Stroll-In For Head Start!


 

 

Caption: Young alumni from GLEAMNS Human Resources Commission, Inc.’s Head Start program in South Carolina stand up for kids! Click here for more photos.

One of Head Start’s foundational beliefs is that parents are their children’s first teachers, and last week Head Start and Early Head Start parents across the country taught their children an important lesson about democracy and advocacy. In the coming months, as programs implement cuts caused by sequestration, an estimated 70,000 children will lose their access to Head Start’s comprehensive services. Those children may be too young to understand exactly what a “sequester” is, but they know what it means to not get to go to school – and in many communities, they’re learning what it means to take action.

On Friday, March 15th, all over the country, Head Start parents, staff, alumni, and students held “stroll-ins” at district offices of Members of Congress, armed with facts and data and personal stories of how important it is to protect services for at-risk children. Programs from Arkansas to Oregon to South Carolina to New Jersey got local media involved in telling the story of what cuts will mean, and even as communities and Congress heard an important message, so did the children. Their parents know what nearly five decades of research and experience have shown: Head Start and Early Head Start can make a significant impact on children’s readiness for school and for life, and these programs are worth fighting for. As babies clapped in their strollers and a newly-minted Head Start alum held up her sign, they were learning from their very first teachers that they are valuable and that their voices matter.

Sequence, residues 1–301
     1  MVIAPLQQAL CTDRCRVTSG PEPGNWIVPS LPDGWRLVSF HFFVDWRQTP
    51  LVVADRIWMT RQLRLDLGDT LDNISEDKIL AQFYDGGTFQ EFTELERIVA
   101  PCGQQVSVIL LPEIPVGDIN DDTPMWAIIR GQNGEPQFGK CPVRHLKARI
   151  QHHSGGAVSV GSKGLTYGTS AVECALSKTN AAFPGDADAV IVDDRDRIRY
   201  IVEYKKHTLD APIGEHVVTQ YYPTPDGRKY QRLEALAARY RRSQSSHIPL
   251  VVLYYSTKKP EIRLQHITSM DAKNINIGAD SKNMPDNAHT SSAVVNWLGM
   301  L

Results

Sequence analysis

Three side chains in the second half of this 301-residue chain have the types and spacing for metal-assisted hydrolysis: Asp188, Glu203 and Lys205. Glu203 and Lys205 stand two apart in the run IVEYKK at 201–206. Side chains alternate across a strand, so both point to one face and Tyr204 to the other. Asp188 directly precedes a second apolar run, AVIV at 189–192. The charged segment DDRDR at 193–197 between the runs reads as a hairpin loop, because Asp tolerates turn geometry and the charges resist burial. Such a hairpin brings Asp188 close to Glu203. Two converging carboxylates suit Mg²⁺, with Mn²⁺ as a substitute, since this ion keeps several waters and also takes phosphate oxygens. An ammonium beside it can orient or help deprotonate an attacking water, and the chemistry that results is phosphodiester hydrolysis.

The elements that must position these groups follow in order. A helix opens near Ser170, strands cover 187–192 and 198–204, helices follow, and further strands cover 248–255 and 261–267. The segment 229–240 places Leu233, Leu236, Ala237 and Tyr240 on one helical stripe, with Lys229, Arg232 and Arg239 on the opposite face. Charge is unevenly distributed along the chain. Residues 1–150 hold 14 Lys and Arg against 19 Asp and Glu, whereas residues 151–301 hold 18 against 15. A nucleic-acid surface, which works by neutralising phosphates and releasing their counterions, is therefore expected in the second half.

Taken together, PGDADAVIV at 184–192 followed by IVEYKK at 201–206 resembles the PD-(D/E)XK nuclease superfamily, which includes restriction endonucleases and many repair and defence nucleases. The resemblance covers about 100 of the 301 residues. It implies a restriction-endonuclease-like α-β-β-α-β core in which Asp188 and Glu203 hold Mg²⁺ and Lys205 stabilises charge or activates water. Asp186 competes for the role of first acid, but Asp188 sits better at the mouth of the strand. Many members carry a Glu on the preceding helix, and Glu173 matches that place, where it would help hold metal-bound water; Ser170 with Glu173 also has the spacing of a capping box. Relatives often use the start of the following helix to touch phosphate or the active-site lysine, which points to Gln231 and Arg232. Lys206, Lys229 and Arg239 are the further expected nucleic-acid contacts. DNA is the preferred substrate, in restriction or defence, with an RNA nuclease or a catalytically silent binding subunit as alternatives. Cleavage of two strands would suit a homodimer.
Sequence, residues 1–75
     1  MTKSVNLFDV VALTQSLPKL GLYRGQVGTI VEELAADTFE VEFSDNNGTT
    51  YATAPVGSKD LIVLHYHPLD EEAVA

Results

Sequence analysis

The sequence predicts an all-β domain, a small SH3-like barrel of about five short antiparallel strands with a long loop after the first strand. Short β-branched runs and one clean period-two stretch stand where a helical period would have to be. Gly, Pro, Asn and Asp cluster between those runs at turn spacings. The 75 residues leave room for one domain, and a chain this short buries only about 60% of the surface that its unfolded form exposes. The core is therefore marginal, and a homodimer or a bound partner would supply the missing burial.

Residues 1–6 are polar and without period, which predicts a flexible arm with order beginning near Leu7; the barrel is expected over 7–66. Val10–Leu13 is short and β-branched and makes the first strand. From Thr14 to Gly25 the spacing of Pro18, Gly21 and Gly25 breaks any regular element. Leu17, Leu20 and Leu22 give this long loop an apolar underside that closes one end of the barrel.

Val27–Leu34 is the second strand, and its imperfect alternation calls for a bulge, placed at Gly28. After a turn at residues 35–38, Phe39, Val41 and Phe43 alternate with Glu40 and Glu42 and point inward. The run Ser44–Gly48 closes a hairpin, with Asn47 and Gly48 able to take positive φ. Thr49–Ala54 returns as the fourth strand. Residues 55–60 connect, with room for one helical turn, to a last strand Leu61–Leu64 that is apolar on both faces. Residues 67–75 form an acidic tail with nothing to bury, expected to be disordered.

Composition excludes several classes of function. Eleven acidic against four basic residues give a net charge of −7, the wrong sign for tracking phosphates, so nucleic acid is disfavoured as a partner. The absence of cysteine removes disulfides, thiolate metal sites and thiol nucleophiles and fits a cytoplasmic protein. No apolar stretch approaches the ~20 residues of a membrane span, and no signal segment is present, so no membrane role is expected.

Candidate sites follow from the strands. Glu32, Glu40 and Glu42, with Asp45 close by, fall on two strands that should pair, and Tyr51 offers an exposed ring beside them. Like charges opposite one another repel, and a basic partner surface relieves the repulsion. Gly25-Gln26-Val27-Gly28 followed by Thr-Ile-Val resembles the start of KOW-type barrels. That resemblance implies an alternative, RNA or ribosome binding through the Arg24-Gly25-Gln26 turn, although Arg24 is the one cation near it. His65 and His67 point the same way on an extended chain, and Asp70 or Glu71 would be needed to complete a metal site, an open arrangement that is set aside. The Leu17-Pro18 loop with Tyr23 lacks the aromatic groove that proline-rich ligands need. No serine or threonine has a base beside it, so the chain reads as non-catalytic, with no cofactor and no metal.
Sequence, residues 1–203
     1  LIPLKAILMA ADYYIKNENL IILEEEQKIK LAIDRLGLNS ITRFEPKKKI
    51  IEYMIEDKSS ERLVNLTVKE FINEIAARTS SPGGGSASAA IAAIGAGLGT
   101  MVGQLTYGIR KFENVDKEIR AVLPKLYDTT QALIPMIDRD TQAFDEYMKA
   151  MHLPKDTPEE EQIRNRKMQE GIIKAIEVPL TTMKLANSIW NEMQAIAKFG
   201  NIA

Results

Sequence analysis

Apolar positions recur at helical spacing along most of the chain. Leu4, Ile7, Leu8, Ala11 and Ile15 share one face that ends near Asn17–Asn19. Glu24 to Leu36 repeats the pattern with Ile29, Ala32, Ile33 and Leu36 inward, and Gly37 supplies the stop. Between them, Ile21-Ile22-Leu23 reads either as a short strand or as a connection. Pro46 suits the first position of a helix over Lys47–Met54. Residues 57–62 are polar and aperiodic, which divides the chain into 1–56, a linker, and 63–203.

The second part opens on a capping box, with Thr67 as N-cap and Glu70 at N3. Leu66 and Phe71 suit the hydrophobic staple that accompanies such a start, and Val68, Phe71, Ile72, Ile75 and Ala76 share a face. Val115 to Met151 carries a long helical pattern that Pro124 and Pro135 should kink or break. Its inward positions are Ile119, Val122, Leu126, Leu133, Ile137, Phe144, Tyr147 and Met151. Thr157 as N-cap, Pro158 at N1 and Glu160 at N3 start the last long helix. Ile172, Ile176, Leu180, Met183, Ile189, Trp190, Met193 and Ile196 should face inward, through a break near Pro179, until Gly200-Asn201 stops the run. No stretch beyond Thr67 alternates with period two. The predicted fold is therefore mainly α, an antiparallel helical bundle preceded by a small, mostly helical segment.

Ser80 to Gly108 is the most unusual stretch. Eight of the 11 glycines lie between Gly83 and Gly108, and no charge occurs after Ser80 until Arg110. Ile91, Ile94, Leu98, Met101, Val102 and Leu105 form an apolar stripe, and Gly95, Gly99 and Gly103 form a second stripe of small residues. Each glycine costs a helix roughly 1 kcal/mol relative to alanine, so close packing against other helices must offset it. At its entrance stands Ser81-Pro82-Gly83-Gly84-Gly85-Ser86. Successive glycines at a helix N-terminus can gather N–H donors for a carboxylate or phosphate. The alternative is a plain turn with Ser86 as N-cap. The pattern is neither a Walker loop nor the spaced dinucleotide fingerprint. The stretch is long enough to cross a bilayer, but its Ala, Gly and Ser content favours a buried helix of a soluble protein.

In the coming months, it will take the united action of Head Start parents, staff, and supporters around the country to keep attention on the needs of our most vulnerable children. I invite you to visit our site to learn more about what you can do to join this conversation. Our budget cannot be balanced by limiting the opportunities of poor children.